Thaksin’s Big Ones

I refer to the planned big rally coinciding with the 76 billion baht court verdict – people have always assumed that recovering this money was Thaksin’s main motivation in his struggle with Thai state. A few months ago it probably downed on him that the case is as good as lost.

He tried royal pardon, but that didn’t go anywhere either, and that’s really interesting – if he really wanted a pardon, he could have come back, checked into the jail, and submitted the petition himself. He’d probably be released by now, and asset concealment case would probably be stalled for good. It would have been a sacrifice on his part, but if the money is the main motivation, it would probably have been worth it.

On the other hand, perhaps he thought that Royal pardon wouldn’t have granted him immunity from those who want his blood and it wouldn’t have stopped 76 bil case. Or, perhaps, he didn’t have enough wits to go through this plan – it needed to be played just right, without overplaying his “remorse” and displaying utmost sincerity at all times. Either way, it’s in the past now.

Then there was “only a miracle can save me” quip, then build up to September coup anniversary, then to October rallies (traditional month of big political changes), and now it’s a new “all out war” to oust the government again. Not much of a plan, really, and there’s no way they get enough people on the ground to pull it of. Kwanchai, red leader from Udon, was talking about forty thousand coming to Bangkok from North and Northeast. He was probably being optimistic, as usual, and it still falls short of Jatuporn’s promised one million. Kwanchai was saying that people were waiting for money for travelling expenses and Thaksin’s personal go ahead.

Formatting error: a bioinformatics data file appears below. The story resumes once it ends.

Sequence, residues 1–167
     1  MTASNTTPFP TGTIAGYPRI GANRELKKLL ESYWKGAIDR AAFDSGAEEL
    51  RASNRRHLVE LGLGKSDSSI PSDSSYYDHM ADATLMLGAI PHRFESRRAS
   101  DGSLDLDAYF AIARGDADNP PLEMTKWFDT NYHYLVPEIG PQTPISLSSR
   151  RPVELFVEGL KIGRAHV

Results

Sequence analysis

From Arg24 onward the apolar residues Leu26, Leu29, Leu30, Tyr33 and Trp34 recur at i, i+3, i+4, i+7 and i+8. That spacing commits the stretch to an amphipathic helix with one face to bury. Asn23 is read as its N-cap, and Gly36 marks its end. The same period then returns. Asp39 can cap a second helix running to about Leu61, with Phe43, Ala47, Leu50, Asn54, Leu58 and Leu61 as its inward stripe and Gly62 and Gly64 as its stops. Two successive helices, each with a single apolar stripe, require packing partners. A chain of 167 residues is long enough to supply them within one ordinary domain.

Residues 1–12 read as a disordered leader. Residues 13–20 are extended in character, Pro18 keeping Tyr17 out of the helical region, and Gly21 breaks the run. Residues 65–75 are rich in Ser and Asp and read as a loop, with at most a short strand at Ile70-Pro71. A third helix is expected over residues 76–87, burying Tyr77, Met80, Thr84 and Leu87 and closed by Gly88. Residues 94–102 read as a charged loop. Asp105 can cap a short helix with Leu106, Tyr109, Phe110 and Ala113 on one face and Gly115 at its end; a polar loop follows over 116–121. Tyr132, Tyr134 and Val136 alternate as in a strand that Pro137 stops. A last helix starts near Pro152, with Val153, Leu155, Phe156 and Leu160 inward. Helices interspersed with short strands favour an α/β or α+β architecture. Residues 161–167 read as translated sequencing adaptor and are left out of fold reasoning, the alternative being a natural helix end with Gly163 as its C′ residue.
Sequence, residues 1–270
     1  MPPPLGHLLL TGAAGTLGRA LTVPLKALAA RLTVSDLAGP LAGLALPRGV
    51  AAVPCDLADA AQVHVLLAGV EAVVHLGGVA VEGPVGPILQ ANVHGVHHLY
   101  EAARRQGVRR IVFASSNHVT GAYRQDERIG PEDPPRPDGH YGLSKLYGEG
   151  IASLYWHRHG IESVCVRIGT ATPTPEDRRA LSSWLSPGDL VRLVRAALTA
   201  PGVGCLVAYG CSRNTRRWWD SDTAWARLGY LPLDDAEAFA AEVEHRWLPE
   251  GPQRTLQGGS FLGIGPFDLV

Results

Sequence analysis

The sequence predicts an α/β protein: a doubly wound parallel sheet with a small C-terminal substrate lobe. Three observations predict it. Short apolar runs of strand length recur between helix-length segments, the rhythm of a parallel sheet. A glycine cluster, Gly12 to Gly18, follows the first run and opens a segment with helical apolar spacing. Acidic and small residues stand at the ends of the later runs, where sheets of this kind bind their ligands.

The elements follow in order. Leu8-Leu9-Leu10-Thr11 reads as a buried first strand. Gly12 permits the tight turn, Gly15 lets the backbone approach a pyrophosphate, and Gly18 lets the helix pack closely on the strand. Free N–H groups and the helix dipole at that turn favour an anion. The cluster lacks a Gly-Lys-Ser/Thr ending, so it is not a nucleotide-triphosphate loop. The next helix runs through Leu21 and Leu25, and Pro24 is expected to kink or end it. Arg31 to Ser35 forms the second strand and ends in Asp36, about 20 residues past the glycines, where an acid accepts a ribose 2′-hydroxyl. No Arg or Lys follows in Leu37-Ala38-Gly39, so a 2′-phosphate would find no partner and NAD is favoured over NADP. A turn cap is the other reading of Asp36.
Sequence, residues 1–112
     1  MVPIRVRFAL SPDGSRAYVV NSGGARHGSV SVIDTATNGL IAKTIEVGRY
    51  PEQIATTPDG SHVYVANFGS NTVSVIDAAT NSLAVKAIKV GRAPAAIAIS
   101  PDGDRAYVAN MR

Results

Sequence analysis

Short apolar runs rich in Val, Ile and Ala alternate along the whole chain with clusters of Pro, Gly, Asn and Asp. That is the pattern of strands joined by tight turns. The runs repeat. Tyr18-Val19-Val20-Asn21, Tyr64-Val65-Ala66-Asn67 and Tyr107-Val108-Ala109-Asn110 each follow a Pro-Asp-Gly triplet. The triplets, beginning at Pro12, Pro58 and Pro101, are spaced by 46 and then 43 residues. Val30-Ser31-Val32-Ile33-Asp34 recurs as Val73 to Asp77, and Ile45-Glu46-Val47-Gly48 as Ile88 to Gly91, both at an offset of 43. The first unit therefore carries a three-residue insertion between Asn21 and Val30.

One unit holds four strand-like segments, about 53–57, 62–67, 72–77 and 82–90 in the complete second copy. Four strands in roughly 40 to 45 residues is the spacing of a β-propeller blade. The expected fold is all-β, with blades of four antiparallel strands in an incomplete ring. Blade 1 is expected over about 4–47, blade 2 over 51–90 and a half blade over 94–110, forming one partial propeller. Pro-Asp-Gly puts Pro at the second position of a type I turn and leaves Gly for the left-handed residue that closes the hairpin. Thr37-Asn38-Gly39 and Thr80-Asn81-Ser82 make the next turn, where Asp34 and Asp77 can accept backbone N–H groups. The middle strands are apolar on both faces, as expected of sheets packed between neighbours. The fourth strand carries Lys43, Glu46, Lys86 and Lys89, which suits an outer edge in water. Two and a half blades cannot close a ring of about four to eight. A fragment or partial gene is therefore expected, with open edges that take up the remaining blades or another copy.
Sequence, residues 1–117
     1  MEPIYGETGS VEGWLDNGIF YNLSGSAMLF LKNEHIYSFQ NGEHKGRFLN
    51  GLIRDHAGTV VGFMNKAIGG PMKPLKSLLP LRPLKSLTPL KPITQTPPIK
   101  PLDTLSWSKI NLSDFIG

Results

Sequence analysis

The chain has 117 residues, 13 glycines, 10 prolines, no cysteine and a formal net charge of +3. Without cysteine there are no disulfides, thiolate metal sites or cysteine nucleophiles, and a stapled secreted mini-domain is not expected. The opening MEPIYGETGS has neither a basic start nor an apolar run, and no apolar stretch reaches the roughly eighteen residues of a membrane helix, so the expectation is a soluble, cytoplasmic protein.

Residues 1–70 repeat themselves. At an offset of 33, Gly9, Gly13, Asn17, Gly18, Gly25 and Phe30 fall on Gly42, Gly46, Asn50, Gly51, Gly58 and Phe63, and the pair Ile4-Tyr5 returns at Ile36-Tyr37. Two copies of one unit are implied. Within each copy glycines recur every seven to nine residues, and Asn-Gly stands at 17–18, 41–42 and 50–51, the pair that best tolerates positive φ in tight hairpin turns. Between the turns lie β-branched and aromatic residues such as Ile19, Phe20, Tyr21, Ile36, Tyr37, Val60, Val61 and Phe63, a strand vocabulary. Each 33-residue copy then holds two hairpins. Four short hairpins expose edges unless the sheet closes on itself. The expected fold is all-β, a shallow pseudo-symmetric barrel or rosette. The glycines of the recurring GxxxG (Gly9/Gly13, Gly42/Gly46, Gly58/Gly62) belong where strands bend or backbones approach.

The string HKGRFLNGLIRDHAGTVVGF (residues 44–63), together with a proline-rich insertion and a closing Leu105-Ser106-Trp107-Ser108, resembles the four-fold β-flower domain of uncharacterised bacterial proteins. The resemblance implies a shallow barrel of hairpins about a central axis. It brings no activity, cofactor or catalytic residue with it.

The government will impose ISA, again, the parliament will be in recession, so no chance of legally changing the coalition make up (though they could theoretically force Abhisit to dissolve the House). All in all it will probably be soon forgotten, just like previous September and October rallies. At worst they could force a violent confrontation on the streets, and at most they could try to frame the military/police, but it’s still a long long way of toppling the government. They could try a coup (let’s see how many of them would drive their taxis into tanks if the coup goes their way).

That leaves the trial itself as the last hope, and that’s where it gets murky – no one knows all the details. All we know that it involves Ample Rich and Winmark stakes in Shin Corp or SC Assets in particular. Prosecution wants to prove that Thaksin and his wife still legally controlled those companies, while the defense argues that all the control was fully in the hands of their grown up children. There are transaction records presented by both sides to prove their point, and we know next to nothing about them.

While the case make look big and important, and the verdict will be played by both the winning and losing sides to their full advantage, some basic stuff needs to be kept in mind first – no one in his right mind believes that Thaksin’s children were really in control of Shin Corp all these years. It’s just stating the obvious, and the whole legal contention is about omissions and errors in the paperwork.

It would be a good time to look at the laws and regulations covering the ownership and nominees, they are obviously inadequate. Perhaps a totally different approach is needed, from a totally different angle, so that nominee problems doesn’t arise altogether. Fighting the paperwork seems like a huge waste of time and resources, not to mention all the damage done by PAD and Red rallies and paralyzed governments and parliament. So much struggle, and it all comes down to spotting errors in a few backdated documents. That’s what is supposed to decide everything.